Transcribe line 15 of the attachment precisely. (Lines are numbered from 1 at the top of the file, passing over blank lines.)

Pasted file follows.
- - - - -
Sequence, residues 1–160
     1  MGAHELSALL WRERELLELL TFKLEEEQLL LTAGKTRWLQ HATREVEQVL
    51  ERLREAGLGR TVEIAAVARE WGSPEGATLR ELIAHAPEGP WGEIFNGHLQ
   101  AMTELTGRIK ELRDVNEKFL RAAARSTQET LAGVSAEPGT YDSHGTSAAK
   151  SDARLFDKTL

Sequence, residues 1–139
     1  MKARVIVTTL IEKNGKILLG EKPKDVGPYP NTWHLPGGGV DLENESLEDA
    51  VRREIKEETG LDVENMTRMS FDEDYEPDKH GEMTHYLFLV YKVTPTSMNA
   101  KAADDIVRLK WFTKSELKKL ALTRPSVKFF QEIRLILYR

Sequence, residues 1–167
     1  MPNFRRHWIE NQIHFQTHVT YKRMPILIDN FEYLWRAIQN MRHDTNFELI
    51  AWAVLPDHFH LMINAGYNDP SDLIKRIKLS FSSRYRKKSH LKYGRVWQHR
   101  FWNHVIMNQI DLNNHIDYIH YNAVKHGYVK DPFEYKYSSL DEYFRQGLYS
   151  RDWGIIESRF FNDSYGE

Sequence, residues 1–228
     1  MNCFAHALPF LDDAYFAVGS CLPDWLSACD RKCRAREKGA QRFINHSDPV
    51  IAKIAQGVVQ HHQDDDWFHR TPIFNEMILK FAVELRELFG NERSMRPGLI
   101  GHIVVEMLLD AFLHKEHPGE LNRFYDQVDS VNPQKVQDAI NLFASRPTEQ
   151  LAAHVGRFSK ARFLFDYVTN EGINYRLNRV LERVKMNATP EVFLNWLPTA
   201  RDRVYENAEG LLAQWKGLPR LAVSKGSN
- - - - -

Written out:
Sequence, residues 1–228